Gravensteen Castle and Torture Museum, Ghent, Belgium

Gravensteen Castle and Torture Museum

Gravensteen castle, the Castle of the Counts © Simon Montgomery

Right in the middle of Ghent’s old town is the Gravensteen castle (aka the Castle of the Counts), a medieval castle once belonging to the counts of Flanders.

Gravensteen Castle and Torture Museum

Gravensteen © Simon Montgomery

As the seat of the Council of Flanders the castle was used as a courthouse and a prison from the fourteenth to the eighteenth centuries, and the accused were held in the dungeons there before or during their trials. Executions happened inside or in front of the gatehouse.

Under medieval law people had to confess before they could be found guilty, so unsurprisingly torture played an important role at the castle. The dungeon ‘torture chambers’ were host to a whole load of horrifying methods of extracting confession, now on show on the second level of the castle.

Gravensteen Castle and Torture Museum

Torture methods including being stretched on a rack and then having water poured down your throat © Simon Montgomery

Gravensteen Castle and Torture Museum

The torture museum © Simon Montgomery

Gravensteen Castle and Torture Museum

Horrible chaining device and how you’d look wearing it © Simon Montgomery

Gravensteen Castle and Torture Museum

Thumb screws used to achieve confessions, often in witch trials. If a confession took too long then your fingertips might be shattered with a small hammer © Simon Montgomery

The museum includes various painful looking metal implements with two dioramas thrown in for good measure. Toddlers are led swiftly around the room despite their fascination with what’s on show, asking awkward questions and shouting down the funnel of the poor man tied to the stretching rack.

There are also a couple of exhibits relating to the treatment of the mentally ill (more info about this here), including pear-shaped wooden balls which were put into people’s mouths and tied around their heads to stop them screaming. These were known as ‘anxiety pears’, presumably as they were an attempt to stop the symptoms of anxiety rather than due to the obvious anxiety having one of these stuffed in your mouth might cause.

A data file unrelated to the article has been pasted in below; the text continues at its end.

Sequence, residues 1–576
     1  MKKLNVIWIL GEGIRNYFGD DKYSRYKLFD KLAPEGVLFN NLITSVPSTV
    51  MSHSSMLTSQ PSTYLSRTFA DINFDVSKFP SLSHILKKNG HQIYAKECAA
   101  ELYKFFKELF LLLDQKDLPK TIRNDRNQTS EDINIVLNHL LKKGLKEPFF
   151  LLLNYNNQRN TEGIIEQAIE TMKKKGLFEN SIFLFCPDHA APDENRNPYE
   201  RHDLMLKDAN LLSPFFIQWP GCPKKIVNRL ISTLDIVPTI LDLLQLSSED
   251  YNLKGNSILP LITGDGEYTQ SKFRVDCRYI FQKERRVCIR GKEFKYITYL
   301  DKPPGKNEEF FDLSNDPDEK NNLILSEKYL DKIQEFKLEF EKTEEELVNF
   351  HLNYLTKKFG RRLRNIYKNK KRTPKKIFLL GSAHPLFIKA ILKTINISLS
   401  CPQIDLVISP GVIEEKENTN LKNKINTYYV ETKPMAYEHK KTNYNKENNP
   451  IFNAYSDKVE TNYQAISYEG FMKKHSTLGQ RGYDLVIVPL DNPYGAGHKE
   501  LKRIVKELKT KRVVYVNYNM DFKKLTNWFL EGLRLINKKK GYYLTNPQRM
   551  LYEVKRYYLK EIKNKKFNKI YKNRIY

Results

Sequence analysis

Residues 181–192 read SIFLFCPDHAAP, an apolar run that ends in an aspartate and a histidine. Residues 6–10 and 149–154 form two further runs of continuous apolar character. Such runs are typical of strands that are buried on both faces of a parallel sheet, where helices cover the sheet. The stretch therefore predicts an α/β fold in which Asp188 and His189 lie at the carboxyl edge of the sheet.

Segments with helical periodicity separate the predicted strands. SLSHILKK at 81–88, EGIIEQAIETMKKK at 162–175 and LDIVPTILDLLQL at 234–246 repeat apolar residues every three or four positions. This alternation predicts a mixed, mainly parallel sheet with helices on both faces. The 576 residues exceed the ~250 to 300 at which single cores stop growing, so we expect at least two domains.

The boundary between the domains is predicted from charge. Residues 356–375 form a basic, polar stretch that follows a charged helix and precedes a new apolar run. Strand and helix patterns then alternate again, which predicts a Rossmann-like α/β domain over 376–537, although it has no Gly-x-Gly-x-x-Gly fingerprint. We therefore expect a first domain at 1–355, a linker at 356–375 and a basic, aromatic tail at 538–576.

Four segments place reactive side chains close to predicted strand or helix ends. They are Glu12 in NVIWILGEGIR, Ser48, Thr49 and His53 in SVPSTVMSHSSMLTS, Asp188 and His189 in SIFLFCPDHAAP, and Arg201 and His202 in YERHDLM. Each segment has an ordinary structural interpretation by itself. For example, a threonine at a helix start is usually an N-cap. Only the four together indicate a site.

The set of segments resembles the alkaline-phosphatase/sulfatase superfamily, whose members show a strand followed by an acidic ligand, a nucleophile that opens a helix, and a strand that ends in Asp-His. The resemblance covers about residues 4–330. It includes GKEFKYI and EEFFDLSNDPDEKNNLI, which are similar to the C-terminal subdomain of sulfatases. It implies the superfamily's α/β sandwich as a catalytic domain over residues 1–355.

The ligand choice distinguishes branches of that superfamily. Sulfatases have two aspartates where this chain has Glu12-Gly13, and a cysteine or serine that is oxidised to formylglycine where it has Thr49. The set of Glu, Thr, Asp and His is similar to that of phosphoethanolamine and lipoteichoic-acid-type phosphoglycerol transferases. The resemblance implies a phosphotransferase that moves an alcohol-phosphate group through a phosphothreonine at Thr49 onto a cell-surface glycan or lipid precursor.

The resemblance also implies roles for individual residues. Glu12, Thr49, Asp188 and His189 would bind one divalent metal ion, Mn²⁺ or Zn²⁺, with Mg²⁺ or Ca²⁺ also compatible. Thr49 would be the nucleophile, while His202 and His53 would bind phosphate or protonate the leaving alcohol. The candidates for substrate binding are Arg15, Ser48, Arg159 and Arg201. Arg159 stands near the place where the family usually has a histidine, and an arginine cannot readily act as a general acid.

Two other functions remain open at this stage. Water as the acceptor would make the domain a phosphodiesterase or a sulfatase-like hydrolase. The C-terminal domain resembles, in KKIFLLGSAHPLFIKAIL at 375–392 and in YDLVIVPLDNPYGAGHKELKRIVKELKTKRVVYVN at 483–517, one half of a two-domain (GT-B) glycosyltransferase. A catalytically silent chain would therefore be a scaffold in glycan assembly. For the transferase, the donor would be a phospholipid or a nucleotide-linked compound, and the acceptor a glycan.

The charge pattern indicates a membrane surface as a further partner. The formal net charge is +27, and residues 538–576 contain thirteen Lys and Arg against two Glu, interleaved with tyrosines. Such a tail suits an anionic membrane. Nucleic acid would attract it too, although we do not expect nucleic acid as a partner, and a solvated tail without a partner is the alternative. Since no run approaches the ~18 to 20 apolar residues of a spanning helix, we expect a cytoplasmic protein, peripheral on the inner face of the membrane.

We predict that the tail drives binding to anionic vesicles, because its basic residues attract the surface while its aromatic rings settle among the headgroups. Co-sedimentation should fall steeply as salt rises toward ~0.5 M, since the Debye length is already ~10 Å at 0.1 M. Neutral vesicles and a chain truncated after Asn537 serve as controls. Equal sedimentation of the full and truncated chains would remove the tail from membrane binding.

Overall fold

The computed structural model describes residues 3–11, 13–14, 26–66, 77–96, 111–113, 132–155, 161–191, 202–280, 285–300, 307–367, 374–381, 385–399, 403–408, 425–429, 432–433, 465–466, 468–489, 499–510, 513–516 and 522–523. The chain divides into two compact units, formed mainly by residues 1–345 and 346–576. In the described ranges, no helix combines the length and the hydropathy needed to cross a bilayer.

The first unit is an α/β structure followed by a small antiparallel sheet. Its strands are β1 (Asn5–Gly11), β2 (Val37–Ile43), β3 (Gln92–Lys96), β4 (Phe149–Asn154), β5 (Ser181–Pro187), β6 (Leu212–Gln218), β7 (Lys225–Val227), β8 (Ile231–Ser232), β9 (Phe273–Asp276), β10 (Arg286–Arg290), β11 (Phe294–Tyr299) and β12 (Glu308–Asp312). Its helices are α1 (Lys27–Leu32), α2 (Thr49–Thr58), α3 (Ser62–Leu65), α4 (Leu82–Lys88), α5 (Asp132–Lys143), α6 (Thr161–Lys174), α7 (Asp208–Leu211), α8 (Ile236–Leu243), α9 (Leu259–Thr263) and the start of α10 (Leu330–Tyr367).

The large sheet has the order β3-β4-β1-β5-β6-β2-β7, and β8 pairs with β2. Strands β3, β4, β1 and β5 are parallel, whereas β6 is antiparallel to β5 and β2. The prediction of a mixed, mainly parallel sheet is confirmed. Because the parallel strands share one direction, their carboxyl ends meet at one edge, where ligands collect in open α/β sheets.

Gravensteen Castle and Torture Museum

Iron collars with five rows of spikes were put around people’s necks. You’d be put on a stool in the middle of the torture room, with the collar tied diagonally to the walls. Any movement would cause the skin to tear © Simon Montgomery

Gravensteen Castle and Torture Museum

The tools of the last executioner of Ghent, Jean Guillaume Hannoff (1787-1866), including a noose and an axe for corporal punishment (chopping off hands, feet and heads (if you’re lucky)) © Simon Montgomery

From 1796 to 1861 the guillotine was used in Ghent.

Gravensteen Castle and Torture Museum

Copy of a guillotine with an original blade © Simon Montgomery

The castle was almost demolished in the nineteenth century; for the people who lived around it it had become a symbol of the abuses of the nobility and the inhumane torture carried out within its walls. Thankfully it was instead restored, with its torture museum a grim reminder of the injustices of the past.

Gravensteen Castle and Torture Museum

Light relief: the view of Ghent from the top of Gravensteen castle © Simon Montgomery

Opening times and prices

https://gravensteen.stad.gent/en

Open from 10am-6pm from 1st April to 31st October, and 9am-5pm from 1st November to 31st March. Adults are €10 (discounts if you’re under 26 and free for under 19s). Alternatively we’d recommend buying a CityCard from Ghent’s tourist information centre, which gives you access to all of the city’s museums, free public transport and a boat ride – €30 for 48 hours or €35 for 72 hours.

The castle also has a museum of medieval weapons, a floor down from the torture museum.

How to get there

Gravensteen, Sint-Veerleplein 11, 9000 Gent, Belgium

0 replies

Leave a Reply

Want to join the discussion?
Feel free to contribute!

Leave a Reply

Your email address will not be published. Required fields are marked *